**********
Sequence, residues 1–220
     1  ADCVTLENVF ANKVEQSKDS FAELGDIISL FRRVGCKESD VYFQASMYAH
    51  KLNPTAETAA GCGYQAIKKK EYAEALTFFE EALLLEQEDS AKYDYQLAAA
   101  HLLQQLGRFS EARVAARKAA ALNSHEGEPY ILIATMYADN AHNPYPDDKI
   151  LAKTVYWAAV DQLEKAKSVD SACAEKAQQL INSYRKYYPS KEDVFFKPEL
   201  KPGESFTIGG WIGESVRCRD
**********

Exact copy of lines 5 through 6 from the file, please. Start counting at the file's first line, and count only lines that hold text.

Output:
   151  LAKTVYWAAV DQLEKAKSVD SACAEKAQQL INSYRKYYPS KEDVFFKPEL
   201  KPGESFTIGG WIGESVRCRD